The rate of childhood depression is going up every year, but information and awareness of the disorder is lagging. Talking about mental illness still makes people uncomfortable, and the stigma keeps them from getting help. After all, what does a child have to worry about?
A mental disorder is defined as a significant change in the way children act, learn, or handle their feelings. The most commonly diagnosed childhood conditions are attention-deficit/hyperactivity disorder (ADHD), anxiety, and behavior disorders, but depression is also common.
Childhood depression is a diagnosable medical illness that carries a risk of suicide, but treating it reduces the future risk of longer and more severe depressive episodes. Although it often goes undiagnosed, depressive disorder is highly treatable, and evidence-based treatment options are available. Because genetics, mental health, and environment all play a role, treatment should fit the individual needs of the child.
Statistics show depression often occurs with other mental conditions:
The symptoms of childhood depression differ from adult depression. Angry or irritability is more common in young people, and they are also more likely to have physical symptoms. Other signs include a loss of interest in things once enjoyed, withdrawal at home or school, inability to focus, and changes in sleep or eating habits.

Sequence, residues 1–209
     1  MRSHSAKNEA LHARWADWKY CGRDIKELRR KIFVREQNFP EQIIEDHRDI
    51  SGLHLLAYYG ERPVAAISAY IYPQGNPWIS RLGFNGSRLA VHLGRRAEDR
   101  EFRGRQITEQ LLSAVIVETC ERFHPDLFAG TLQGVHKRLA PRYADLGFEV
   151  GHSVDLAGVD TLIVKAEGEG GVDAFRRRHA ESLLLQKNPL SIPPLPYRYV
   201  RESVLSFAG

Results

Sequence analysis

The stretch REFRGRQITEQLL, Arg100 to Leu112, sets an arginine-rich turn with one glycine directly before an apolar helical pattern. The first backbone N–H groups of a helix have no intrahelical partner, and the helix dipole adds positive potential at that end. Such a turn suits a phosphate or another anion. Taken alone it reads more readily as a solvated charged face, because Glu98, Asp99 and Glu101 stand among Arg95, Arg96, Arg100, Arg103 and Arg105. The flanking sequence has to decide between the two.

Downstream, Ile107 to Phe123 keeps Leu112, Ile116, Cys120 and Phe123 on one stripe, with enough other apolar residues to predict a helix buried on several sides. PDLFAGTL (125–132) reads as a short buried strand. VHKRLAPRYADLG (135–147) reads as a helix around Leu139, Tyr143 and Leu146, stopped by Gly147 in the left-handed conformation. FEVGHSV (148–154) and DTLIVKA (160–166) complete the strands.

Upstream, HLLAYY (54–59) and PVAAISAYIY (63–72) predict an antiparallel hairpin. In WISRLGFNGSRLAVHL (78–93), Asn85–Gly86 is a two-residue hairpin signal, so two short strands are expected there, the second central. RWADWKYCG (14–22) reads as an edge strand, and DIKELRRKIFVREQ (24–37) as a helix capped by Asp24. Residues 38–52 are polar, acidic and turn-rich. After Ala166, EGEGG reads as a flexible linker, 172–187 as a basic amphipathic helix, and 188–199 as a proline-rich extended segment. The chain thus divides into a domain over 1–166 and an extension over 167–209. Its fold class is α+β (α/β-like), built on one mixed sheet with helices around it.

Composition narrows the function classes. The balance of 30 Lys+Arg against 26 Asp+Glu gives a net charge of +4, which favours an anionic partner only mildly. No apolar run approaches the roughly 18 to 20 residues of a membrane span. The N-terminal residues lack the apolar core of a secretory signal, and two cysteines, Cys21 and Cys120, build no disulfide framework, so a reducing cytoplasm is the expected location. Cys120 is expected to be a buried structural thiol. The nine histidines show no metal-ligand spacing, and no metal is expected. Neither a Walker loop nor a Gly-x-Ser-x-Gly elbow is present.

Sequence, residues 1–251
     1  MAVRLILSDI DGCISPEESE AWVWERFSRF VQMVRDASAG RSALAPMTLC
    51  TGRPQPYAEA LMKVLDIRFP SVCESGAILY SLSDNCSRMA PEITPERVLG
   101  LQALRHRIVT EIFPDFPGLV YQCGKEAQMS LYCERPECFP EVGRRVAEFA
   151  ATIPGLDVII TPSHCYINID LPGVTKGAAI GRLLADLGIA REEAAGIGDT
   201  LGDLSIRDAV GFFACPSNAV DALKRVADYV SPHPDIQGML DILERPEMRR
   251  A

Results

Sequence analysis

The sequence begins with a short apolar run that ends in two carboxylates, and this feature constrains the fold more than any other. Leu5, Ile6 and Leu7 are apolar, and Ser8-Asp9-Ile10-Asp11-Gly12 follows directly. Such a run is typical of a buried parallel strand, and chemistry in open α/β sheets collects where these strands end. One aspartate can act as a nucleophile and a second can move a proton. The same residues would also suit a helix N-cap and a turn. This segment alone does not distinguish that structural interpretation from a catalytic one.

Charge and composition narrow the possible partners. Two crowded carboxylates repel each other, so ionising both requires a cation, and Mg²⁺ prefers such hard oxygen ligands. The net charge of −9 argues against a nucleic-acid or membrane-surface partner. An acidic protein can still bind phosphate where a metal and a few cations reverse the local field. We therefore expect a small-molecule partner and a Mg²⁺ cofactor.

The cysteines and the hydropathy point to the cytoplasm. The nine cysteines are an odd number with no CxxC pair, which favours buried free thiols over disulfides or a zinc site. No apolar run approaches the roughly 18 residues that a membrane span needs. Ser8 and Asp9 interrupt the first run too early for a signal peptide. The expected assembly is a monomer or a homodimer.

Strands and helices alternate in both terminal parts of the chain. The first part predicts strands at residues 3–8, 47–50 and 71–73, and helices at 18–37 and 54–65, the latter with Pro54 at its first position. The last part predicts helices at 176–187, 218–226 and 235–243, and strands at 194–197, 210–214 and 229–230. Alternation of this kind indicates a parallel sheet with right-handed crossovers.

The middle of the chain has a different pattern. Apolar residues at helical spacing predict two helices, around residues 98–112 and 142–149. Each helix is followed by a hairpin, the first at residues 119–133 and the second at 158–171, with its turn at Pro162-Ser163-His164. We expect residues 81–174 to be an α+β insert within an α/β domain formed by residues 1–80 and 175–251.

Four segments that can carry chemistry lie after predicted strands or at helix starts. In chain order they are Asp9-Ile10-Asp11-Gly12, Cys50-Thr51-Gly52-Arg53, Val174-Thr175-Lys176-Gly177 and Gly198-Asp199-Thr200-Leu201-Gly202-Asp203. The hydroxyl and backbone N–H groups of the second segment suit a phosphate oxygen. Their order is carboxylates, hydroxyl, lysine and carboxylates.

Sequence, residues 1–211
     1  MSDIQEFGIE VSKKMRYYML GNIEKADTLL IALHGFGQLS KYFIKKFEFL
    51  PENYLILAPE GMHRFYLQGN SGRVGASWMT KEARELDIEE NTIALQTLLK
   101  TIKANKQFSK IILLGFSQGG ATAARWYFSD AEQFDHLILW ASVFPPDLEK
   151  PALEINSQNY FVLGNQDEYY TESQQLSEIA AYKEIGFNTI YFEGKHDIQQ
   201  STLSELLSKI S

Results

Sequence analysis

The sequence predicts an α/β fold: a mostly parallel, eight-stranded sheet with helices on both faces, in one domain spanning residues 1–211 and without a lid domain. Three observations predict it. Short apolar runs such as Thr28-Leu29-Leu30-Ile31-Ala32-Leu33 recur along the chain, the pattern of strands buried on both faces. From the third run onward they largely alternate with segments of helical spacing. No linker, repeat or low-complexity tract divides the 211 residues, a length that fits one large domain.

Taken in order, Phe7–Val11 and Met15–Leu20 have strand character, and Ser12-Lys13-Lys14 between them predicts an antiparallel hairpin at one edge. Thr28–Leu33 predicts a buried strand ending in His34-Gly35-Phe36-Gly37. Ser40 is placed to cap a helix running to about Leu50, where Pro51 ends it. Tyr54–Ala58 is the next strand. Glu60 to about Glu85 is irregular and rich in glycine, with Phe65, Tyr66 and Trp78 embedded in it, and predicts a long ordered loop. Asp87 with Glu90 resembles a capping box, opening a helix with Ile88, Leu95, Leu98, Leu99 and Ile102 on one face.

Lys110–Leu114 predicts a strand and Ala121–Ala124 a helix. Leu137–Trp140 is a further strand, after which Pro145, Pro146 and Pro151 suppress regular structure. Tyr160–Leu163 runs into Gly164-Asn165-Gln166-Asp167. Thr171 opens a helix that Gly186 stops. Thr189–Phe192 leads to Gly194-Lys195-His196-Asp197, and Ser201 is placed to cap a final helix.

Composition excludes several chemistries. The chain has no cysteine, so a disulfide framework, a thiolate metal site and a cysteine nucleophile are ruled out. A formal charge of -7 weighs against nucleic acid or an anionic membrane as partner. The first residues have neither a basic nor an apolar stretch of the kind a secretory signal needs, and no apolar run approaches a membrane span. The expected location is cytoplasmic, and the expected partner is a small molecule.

If a depressed child gives away prized possessions, threatens to run away from home, or seems preoccupied with death and dying, get help immediately. Other signs may include a change in the way they dress, the shows they watch on TV, or the way they use the computer.
Children may not discuss suicidal thoughts directly, but they might talk about not wanting to live, wanting to make their problems go away, or thinking going away might make things easier for everybody else.
The more withdrawn children are, the less likely they are to express thoughts of suicide. Parents can help by knowing what to look for and being aware that thoughts of self-harm often accompany depression in young people.
If a child you love is depressed, help is available. Early recognition and treatment make the disorder easier to treat, less likely to reoccur, and less likely to lead to addiction.
At Enlightened Solutions, our program includes traditional medical care and counseling, but we also provide complementary therapies like yoga and meditation. We know recovery begins with finding the reason for the problem and using an integrated approach to heal the entire person.
Get help at a New Jersey holistic detox center now.
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